Long Distance Drive
Posted 16 April 2012 - 11:31 AM
I got this car when it has 105k miles. I changed oil for every 1500 miles. This car runs fine, but it's old, some of the parts are rusty, and it has a leak in its AC compressor.
I don't know how the car was maintained previously. I am the 4th or 5th owner of the car.
Do you guys think it is risky to drive such a long distance?
Also, I usually drive around 80-85 mph on interstate highway, do you guys think it is too fast for my old car?
Thanks a lot?
Posted 16 April 2012 - 12:18 PM
In addition, assuming the cooling system is in good nick, long distance driving actually stresses a vehicle less than in-town driving.
But then again, I do live in Africa, and our temperatures rarely dip below freezing, so ymmv. Literally :-)
Posted 16 April 2012 - 12:24 PM
Posted 16 April 2012 - 12:38 PM
Finding a good mechanic is difficult, but if you know one, ask him to do a full go-through!
Posted 17 April 2012 - 08:08 AM
As for going 80-85 mph. I'd advise against it for a bunch of reasons - like speeding tickets. That being said, be sure to have good tires with plenty of tread. Don't forget to make sure that spare is inflated too. Standing on the side of the road without a spare is not fun. In our old Corolla, I kept a small toolbox, jumper cables, nylon rope, and wire-ties. I fixed numerous broken clips and plastic thingies with the wire ties. At very least some basic tools might be enough to get you off the highway safely and to a repair shop. But, like Sonix said, take it to a trusted mechanic and tell him your intensions. If they're honest, they'll be straight with you.
Generally speaking, if the engine is in good shape (doesn't excessively burn oil), the coolant is topped off, transmission fluid is in good shape and the tranismission doesn't slip (if automatic), I think you'll be in good shape for the trip. I will add that I discovered that running the AC for a long long time non-stop on high in summer in 8th and 9th gen Corollas caused the AC to freeze up on occasion. It would stop, I'd pull over to use the restroom and grab a soda and it was enough to thaw it out and I was good for another couple hours.
Hope that helps in some way.
Posted 17 April 2012 - 11:39 AM
To be quite honest, once in Namibia driving north from Cape Town on the N7/B1 I used to apply the lead foot a bit more, doing 140km/h for long stretches in my old 98 model (which, unlike the US model, had a 4a-fe engine). I used to do this even at temperatures in the high thirties (centigrade, so you'd have to convert once more) running the aircon at full blast most of the time. Basically conditions that some would classify as an endurance run (140km/h for hours at a time, 1500km in a single day, African desert temperatures, stopping only for fuel and food...). So yeah, I see no reason why a well-maintained vehicle can't do these distances.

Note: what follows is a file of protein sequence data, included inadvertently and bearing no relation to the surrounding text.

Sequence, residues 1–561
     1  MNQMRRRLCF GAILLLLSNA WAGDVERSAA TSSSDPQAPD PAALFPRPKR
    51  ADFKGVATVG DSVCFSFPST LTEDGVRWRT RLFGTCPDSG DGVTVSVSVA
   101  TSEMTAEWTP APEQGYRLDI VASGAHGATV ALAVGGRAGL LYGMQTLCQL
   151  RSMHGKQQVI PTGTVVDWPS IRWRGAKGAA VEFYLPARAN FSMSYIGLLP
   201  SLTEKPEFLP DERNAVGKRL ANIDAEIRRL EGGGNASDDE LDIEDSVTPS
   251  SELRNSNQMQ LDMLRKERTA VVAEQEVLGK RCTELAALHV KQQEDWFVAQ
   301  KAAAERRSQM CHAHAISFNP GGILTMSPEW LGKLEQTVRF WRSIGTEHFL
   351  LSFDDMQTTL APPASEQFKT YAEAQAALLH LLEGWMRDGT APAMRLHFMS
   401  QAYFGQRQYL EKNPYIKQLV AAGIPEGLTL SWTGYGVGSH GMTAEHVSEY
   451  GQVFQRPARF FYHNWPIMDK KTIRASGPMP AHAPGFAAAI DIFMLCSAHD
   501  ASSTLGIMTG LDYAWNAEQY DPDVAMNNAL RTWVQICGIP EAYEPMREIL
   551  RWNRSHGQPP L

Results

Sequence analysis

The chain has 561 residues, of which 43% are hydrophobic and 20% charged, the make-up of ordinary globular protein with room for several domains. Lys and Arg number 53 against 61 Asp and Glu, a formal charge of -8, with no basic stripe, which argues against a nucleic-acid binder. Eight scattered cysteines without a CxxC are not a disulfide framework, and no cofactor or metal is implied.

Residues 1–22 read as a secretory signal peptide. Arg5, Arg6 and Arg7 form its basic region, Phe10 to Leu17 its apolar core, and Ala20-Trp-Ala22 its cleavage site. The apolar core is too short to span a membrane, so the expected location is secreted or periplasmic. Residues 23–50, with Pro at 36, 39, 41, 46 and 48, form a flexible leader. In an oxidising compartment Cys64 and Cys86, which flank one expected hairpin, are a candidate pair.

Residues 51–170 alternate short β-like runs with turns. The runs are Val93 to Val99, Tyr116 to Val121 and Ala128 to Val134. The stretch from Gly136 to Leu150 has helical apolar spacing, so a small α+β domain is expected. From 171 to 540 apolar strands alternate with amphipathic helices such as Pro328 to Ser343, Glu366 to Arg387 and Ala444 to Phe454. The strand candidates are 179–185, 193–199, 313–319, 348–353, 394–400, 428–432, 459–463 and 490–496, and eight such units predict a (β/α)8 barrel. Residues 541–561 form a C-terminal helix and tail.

Posted 17 April 2012 - 09:15 PM
Posted 22 April 2012 - 08:27 AM
Posted 22 April 2012 - 07:39 PM
Point is, your 'Rolla is OLD, by today's standards, anyway. Take it easy on it. Have a good garage give it a good lookover, just to be sure.
Besides, driving 80-85 mph can be quite stressful on a long journey. One time, my wife and I followed another car to Washington, D.C., -- about a 7-hour drive. The lead car kept the speed limit for about 20 miles, but the driver just wanted to go faster. Before we knew it, they were gone, and we never saw them again until we reached the hotel. The next morning, my wife asked them when they arrived, thinking that they must have made some pretty good time. Turns out they beat us there by only a half hour or so, and they admitted they were very tired. As for me, I wasn't that worn out at all, because I kept my speed at or under the limit.
Let the fuzz catch someone else. And let the tow guy tow someone else.
Edited by corollamike, 22 April 2012 - 07:40 PM.
Posted 27 April 2012 - 10:46 AM
Over here the Land Rover people have a joke: On a really silent night you can hear the Toyota's rust.
Saw this on a bumper sticker on a Land Rover: "The parts falling off of this vehicle are of the finest English craftsmanship."